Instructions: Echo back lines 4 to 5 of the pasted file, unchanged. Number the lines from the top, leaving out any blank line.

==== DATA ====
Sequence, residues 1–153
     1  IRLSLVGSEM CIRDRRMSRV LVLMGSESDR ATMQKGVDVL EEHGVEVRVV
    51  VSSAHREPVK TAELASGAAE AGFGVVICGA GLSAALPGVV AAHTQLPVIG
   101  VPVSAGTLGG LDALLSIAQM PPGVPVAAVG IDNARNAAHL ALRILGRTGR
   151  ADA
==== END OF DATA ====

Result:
   101  VPVSAGTLGG LDALLSIAQM PPGVPVAAVG IDNARNAAHL ALRILGRTGR
   151  ADA